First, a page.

More training….it just never ends but now that the Engineers are getting closer and closer to the Front, I doubt anyone was complaining…except about the heat. One hundred years ago on this date, August 5, 1918 finds Jay and the 301st Engineers keeping busy.
But, was Jay drilling and marching? Doing bayonet and gas training? Or maybe, just maybe he was somewhere in the back, cooking up dinner?
On Monday, August 5, the training for the front was renewed by following the schedules which closely resembled those at Camp Devens, and included close order, open order, gas training, bayonet exercises, and problems in minor tactics. While the work itself proved familiar enough, the climate was decidedly novel, and when the mercury hovered about 110 degrees one could not help pining for a little of that cold that had numbed us in camp during the previous winter. A little relief came with an order that drilling could be done in blue jeans.
To add to the troubles, the Quartermaster Corps at Saint-Amand was not able to take care of us in an approved fashion, as they had just taken station there and had not had time to get their affairs running smoothly. Mess became a serious event and not a mess sergeant in the regiment can look back on happy days in the vicinity of Saint-Anand.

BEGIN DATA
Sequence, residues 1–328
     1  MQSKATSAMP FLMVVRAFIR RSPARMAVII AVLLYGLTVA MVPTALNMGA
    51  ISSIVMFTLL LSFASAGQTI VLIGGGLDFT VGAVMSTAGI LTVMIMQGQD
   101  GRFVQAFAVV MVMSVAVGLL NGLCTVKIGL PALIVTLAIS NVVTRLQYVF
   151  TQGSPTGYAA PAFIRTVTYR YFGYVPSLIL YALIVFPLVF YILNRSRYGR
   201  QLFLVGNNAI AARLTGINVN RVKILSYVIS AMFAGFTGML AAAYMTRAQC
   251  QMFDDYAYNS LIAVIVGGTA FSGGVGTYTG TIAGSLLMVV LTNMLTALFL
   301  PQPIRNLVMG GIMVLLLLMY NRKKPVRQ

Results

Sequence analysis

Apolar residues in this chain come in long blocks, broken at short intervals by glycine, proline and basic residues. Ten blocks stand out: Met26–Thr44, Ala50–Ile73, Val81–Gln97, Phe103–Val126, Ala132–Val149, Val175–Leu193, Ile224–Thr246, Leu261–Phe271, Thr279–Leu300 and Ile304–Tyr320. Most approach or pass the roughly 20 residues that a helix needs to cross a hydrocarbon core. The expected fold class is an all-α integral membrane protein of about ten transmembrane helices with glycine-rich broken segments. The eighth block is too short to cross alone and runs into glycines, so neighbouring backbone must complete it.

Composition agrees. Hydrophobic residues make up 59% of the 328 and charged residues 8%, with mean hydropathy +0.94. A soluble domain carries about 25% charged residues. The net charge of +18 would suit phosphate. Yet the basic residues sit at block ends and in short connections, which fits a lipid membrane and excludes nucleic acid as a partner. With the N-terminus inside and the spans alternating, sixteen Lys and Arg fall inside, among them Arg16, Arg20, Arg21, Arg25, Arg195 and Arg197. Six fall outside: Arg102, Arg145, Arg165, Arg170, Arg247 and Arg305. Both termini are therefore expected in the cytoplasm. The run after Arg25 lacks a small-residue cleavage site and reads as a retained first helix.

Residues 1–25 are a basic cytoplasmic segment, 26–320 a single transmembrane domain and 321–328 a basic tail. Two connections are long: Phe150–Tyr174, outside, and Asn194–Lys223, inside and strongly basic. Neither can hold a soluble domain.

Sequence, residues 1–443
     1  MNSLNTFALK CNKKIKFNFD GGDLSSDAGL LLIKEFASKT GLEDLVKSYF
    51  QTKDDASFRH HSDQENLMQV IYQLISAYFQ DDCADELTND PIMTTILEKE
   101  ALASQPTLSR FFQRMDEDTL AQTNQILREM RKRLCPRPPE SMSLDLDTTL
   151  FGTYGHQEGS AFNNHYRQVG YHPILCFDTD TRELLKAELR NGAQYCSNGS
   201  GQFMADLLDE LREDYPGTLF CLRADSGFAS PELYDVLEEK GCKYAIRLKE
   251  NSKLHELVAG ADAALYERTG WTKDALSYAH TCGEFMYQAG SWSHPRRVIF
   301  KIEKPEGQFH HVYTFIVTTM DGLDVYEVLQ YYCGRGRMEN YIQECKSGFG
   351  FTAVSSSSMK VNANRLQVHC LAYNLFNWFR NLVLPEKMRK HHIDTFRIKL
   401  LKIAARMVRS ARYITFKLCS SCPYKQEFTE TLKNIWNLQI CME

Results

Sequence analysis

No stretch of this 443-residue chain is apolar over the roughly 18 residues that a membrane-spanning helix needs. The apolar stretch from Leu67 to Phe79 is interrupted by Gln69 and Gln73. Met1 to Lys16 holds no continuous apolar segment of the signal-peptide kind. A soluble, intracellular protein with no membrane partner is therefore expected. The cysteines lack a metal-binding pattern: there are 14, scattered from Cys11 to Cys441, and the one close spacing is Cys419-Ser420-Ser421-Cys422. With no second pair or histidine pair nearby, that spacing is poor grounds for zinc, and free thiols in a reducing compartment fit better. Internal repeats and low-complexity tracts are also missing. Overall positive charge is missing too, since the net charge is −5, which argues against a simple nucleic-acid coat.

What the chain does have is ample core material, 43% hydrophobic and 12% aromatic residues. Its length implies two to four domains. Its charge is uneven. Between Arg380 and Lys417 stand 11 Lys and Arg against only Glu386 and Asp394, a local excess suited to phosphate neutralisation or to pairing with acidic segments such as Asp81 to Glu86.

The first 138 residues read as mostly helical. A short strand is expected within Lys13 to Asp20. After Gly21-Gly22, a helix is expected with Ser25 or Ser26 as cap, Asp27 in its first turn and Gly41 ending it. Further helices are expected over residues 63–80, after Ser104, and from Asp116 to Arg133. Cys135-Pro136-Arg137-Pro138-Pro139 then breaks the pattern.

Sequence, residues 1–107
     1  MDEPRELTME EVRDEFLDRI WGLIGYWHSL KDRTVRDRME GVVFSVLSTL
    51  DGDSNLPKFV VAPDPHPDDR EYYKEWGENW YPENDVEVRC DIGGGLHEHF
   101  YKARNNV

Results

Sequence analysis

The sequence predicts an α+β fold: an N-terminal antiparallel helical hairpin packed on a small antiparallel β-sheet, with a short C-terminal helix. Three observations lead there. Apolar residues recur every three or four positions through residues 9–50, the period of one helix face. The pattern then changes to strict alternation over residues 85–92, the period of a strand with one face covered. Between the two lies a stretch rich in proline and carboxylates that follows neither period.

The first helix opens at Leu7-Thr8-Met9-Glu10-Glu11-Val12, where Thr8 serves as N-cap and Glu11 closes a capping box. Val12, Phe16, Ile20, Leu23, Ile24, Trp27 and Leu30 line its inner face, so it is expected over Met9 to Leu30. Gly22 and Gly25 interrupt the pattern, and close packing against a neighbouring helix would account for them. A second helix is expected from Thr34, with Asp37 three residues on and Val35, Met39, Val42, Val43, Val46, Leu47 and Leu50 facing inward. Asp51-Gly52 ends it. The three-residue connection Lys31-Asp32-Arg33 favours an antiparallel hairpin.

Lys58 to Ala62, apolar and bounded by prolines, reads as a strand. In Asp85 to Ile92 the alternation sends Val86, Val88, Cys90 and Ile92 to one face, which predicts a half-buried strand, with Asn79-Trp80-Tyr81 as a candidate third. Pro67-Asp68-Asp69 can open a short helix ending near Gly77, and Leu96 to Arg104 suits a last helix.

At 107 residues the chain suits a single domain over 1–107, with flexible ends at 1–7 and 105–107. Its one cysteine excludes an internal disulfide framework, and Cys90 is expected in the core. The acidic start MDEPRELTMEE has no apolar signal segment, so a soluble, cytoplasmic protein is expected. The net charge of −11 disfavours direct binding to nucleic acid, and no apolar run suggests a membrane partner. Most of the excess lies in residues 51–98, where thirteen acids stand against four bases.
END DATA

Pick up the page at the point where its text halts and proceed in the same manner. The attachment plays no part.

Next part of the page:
But apparently those crafty mess sergeants did their jobs…
Each evening the roads to Saint-Amand were lined with the men, who, even after a hard day of drilling and marching, would hike from four to five miles for the purpose of sitting down to a dinner of steak, des pommes de terre, du pain, and du vin, visit the Commissary, or make a raid on the Y.M.C.A. Some of the more fortunate members of the command were able to make deals with owners of donkeys and carts, and their evening trips to Saint-Amand were real pleasure rides, for the proud possessor of a Ford was never more envied than were the occupants of the donkey cart.
– The Three Hundred and First Engineers – A History 1917-1920
Photo courtesy Steve Murphy.